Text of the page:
Five Minutes to Midnight on the OUSD Takeover, and Micro-Managing Won’t Help

Things went from bad to worse for OUSD’s finances.  Three new data points came in this week and they all point towards insolvency.  At the same time, we saw some board members digging in on employee contract clauses, trying to regulate their way out of this, and asking the Superintendent to develop a training plan for them.  Relatively small fish to fry in a large ocean of debt.

I get that feeling, when things seem out of control, so you want to control the things you can—you want to control something—even if the wrong things.  You have a tough conversation coming up with family, so you wash the dishes.  But clean dishes won’t solve your family issue.

Three Horsemen of the Fiscal Apocalypse

The bad news we got last night:

  1. The district is over budget on expenses.
  2. The mandated pension contributions are threatened to increase.
  3. A statewide effort to increase revenue by reforming Prop 13 is being pushed back to 2020.

Further, we are already below the state mandated reserve of 2%, so technically the state could come in now if they wanted.

Revenues are going to be flat—unless some of those “evil philanthropists” help.  And expenses are going to rise.  And we are already below the savings we are supposed to have—that is a tough position.  That will take tough decisions, which still may not be enough.

Let me share the budget slide:

We are 3.7 million above the budget on expenses.  These are the usual categories that are “over” or they are areas where the services were already rendered and contracts had to be paid, even if the actual budget line was reduced.  So they are very tough costs to control.  And who knows what else will emerge from the dark confines of the OUSD financial “system” (using the term loosely).

Meanwhile, the pension costs are potentially rising even faster than that the extreme escalations in the budget, here is an astute board watcher’s tweet:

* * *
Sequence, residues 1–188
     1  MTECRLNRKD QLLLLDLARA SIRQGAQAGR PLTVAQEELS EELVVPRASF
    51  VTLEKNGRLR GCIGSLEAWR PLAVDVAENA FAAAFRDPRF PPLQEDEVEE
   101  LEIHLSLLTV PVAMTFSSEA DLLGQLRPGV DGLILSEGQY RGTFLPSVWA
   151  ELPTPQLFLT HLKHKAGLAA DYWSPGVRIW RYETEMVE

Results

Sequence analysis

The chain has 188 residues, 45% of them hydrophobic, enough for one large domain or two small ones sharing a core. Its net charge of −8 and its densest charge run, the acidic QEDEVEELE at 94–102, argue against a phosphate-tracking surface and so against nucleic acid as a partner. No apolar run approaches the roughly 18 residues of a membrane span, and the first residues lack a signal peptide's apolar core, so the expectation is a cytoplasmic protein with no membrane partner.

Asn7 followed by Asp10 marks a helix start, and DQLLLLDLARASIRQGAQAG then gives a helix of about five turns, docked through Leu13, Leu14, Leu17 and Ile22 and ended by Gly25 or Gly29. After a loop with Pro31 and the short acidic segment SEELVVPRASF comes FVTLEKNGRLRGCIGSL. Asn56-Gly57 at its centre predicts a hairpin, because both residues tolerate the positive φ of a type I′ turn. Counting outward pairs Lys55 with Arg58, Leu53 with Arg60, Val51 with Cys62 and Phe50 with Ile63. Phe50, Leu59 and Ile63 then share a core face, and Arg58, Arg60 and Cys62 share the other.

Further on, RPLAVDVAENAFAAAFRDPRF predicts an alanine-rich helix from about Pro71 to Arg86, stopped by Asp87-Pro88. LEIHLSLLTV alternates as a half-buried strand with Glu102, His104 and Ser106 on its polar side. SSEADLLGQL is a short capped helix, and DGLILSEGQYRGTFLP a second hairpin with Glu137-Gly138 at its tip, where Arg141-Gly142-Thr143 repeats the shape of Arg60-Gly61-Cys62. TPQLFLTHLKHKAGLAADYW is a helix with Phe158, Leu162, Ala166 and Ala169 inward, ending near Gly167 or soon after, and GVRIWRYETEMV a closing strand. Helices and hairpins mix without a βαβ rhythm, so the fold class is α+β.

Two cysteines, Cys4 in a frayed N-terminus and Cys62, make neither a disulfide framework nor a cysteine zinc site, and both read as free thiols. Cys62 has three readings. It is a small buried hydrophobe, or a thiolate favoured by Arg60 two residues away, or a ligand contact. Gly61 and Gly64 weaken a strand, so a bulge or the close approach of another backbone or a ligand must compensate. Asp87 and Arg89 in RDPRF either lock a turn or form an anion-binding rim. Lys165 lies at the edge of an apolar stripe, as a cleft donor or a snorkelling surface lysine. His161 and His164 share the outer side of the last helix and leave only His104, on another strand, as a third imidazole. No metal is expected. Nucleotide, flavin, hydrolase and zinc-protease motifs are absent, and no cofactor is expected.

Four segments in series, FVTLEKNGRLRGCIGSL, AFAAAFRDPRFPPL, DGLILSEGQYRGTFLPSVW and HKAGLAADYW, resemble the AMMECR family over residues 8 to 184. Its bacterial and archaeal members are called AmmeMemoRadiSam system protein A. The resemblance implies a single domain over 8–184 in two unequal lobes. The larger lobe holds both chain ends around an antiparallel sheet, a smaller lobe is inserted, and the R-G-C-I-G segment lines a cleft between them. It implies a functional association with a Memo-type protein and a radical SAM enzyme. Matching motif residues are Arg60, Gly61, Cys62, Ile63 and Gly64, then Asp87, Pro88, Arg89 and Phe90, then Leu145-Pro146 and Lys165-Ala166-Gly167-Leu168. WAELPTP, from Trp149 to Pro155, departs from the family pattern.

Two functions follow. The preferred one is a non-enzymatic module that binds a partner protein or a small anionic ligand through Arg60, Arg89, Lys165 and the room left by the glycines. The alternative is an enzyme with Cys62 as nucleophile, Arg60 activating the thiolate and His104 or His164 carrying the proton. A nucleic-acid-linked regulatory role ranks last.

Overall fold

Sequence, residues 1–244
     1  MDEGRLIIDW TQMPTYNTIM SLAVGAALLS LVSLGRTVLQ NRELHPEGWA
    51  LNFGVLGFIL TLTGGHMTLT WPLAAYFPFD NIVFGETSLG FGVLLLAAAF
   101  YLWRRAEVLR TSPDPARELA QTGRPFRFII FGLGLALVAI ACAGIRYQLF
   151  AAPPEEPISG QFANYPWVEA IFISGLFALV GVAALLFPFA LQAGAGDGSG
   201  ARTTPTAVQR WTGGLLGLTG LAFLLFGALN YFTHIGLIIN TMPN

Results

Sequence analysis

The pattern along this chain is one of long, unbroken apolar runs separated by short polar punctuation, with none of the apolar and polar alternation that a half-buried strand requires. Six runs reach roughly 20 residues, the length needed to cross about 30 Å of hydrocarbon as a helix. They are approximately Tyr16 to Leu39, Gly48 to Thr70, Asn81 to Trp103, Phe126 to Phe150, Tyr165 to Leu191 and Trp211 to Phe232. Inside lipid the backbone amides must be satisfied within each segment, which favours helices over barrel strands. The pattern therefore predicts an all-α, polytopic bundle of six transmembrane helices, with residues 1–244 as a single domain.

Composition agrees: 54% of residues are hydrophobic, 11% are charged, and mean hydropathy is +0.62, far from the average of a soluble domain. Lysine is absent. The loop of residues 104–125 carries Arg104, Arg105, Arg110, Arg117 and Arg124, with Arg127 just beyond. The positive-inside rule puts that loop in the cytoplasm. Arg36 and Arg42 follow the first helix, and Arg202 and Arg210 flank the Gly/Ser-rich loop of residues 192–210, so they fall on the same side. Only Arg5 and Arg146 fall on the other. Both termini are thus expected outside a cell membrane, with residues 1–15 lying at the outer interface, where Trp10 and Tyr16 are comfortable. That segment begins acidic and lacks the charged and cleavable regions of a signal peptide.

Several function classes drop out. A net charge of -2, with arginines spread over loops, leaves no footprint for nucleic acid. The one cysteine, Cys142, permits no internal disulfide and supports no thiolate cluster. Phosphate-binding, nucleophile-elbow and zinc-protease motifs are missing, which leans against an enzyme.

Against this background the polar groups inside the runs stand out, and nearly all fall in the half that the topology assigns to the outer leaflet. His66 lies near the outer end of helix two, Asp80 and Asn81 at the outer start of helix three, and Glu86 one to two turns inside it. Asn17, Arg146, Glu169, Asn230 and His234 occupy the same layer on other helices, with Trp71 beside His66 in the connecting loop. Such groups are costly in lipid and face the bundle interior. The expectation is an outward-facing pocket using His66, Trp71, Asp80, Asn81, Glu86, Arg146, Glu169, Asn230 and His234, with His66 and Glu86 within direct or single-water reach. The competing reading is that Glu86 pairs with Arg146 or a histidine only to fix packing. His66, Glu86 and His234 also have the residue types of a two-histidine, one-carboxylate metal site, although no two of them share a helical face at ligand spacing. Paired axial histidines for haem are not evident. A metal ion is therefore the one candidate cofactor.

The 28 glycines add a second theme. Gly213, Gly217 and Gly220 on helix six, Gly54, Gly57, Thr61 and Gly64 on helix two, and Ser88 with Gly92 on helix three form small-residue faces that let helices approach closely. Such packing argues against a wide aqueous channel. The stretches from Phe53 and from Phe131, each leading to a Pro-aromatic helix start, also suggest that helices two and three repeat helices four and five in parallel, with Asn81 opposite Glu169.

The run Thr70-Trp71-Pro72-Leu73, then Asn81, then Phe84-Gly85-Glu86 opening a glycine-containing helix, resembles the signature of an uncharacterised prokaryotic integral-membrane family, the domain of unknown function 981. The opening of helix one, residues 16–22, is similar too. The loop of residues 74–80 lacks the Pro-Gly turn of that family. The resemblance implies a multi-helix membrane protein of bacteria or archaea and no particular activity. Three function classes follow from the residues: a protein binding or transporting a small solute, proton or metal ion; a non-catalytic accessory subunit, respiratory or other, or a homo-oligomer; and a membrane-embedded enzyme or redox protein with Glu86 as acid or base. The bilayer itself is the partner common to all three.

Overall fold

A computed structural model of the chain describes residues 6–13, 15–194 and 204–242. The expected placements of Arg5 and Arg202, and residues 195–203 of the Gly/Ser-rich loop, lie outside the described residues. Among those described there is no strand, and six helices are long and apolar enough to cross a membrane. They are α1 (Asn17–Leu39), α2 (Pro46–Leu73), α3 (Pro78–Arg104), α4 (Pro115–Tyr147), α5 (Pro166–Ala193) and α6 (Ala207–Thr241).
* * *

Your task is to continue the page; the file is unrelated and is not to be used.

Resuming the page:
And here’s the CalPers document, where they are proposing the roughly $1.5 million jump in costs—that jump will compound each year, since we estimated our budget on a lower base number.  So this is an additional cost each year going forward.

There are very few new revenues on the way.  The hope many had was that Prop 13, which has decimated education funding in CA would be reformed this year—it won’t.  The supporters of Make It Fair pushed the measure back to the 2020 ballot.  So we aren’t going to see a large influx of funding form the State—though there were some smaller proposals presented at the meeting by the district’s lobbyists.

To summarize, we are still struggling to contain costs in OUSD and are over budget, our hope for a large influx of new revenue is at least 2 years away, and our mandated costs on pensions are rising, and may rise much faster than anticipated.  We are also already under the state mandated reserve.

It is not looking good.

How NOT to Fix It

We won’t nickel and dime or micro-manage our way out of this problem.

I get the frustration—every report, every year, we are over budget, and it’s never anyone’s fault.  These things just happen.  It’s OUSD.

You demand a spending freeze, then all the schools push through invoices before the deadline and costs go up.  You seem to be paying exorbitant salaries and benefit packages, but nobody else likely to succeed wants to be at the helm of an out of control ship.  The Board approves budget cuts and some can’t be implemented because that money has already been spent, just not paid out on the books.

And so on and so on.  No matter what you do you can’t actually control or even understand the district’s real finances.

That said, we need big bold action now, not whittling around the edges, scrutinizing employee’s contracts and amending them at board meetings, requiring a renegotiation.  Similarly, we won’t regulate our way out of this either, requiring the staff to develop a thousand new financial regs (which will likely be ignored or evaded) when we don’t even have a CFO, and the house is on fire, does not seem the right move now.  Or requiring the superintendent to develop a training plan for the board.

There isn’t a lot of good news right now, and beyond calling CalPers and trying to get them to not raise pension costs, there really isn’t much to do, that will have immediate effects.  The superintendent described where we are financially—they are digging in the dirt and still finding and pulling up weeds.  And if you have ever gardened, you know how tedious and strenuous that can be, many weeds have very deep roots, and if you leave a broken root that can still grow beneath the surface.

Weeds are strong they can often overshadow crops.  We need to let the experts garden some and see what they can grow, the nursery has long been in disrepair, and won’t be fixed easily or quickly.

I honestly don’t know if the garden can be fixed, but I think our best bet is giving the superintendent and her team the room to try.

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What do you think?

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